Plaintiffs seek reversal and urge as reasons therefor that the trial court erred in:1. Granting defendant's motion for a directed verdict in its favor. 2. Denying plaintiffs' motion for a directed verdict in plaintiffs' favor leaving for consideration of the jury only the question of the amount of damages to be awarded.
Colorado has given recognition to the attractive nuisance doctrine and has applied the same in certain factual situations as to enable a trespassing child to recover for injuries suffered while occupying such position.
In Kopplekom v. Colo. Cement Pipe Co., 16 Colo.App. 274, 64 P. 1047, 54 L.R.A. 284, in which a child "too young to realize the danger" was killed while playing with other children in rolling heavy pipes on an open, and unguarded lot.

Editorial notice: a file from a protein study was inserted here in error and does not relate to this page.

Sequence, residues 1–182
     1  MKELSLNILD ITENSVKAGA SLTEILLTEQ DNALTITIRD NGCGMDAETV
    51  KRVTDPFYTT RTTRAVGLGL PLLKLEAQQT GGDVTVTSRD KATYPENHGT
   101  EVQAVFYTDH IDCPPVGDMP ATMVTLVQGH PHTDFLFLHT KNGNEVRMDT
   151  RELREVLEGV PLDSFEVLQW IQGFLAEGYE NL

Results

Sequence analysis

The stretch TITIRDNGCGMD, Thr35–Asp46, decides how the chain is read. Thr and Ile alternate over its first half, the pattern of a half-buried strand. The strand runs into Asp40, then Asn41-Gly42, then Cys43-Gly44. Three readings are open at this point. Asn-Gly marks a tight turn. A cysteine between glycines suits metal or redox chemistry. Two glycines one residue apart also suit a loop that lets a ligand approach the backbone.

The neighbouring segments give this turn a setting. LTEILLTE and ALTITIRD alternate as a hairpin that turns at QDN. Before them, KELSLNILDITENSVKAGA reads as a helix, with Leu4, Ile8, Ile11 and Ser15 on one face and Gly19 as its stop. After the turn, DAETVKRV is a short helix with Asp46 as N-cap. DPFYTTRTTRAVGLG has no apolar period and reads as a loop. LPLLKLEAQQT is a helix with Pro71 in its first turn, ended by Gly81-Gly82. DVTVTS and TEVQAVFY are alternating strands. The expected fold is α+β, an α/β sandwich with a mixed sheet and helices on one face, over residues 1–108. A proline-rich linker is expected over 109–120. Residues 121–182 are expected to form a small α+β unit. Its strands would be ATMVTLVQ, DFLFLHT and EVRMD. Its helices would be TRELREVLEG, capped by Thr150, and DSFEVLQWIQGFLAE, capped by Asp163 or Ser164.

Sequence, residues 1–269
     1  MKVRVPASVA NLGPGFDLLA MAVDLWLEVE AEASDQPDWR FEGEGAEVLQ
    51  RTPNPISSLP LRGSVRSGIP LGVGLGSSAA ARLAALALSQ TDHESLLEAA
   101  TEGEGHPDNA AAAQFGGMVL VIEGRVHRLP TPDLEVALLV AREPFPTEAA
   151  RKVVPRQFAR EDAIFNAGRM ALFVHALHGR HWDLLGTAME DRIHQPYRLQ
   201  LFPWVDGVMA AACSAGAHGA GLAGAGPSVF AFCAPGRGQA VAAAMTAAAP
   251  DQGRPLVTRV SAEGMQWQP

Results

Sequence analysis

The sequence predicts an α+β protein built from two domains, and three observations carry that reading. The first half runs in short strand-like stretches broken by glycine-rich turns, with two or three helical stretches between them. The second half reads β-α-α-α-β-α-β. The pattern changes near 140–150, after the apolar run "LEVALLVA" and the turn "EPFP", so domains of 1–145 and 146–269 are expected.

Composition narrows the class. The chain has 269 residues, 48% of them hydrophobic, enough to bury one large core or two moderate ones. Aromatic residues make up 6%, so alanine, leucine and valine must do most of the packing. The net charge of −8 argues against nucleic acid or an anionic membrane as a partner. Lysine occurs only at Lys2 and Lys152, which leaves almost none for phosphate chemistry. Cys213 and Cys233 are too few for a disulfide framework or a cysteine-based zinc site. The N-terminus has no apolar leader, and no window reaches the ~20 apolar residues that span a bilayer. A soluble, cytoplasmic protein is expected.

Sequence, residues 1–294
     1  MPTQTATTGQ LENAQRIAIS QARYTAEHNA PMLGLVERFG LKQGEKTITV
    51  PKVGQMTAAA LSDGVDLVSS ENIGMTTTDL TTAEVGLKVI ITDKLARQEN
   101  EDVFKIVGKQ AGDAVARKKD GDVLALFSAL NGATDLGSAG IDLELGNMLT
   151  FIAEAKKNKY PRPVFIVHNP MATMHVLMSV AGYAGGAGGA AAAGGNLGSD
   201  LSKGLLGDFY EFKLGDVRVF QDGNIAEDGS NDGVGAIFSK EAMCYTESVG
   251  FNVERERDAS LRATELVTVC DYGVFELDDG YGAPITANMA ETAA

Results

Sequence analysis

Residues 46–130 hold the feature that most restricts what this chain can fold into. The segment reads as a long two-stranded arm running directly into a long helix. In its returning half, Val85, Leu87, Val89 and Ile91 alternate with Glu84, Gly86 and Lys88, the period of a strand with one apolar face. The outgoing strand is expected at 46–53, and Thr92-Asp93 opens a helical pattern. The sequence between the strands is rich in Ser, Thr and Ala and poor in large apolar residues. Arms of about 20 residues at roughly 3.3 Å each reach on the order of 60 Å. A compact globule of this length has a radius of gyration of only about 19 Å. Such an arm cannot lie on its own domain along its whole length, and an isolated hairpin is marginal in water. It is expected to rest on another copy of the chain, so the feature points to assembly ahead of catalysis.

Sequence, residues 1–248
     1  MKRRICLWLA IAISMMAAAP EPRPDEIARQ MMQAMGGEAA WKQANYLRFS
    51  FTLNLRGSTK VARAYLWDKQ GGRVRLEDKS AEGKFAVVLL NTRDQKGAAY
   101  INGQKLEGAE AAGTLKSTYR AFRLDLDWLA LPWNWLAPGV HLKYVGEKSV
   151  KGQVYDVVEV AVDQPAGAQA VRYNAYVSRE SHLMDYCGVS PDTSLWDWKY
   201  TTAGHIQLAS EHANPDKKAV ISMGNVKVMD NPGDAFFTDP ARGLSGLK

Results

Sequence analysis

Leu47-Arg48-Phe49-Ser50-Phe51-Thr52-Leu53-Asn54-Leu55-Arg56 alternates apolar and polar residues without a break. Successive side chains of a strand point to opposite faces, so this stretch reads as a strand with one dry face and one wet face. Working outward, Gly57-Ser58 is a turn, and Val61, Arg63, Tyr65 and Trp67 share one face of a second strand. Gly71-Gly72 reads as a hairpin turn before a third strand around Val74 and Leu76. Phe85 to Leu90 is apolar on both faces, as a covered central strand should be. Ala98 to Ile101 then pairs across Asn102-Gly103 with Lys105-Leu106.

*55 Denver City Tramway Co. v. Nicholas, 35 Colo. 462, 84 P. 813, a case in which a boy under the age of thirteen years, in playing with the trolley on some parked streetcars caused them to move and suffered injuries.
Public Service Co. v. Petty, 75 Colo. 454, 226 P. 297, in which an eighteen months old child put its hand in some unguarded machinery and was injured.
Simkins v. Dowis, 100 Colo. 355, 67 P.2d 627, where it was held that a merry-go-round was an attractive nuisance and that an eight year old trespassing boy might recover damages for injuries sustained on the merry-go-round.
Other cases under different facts deny liability on the ground that the agency or object alleged to be an attraction is not an unusual thing or an unusual attraction, and in such cases trespassers must take the premises as they find them and cannot recover from the landowner.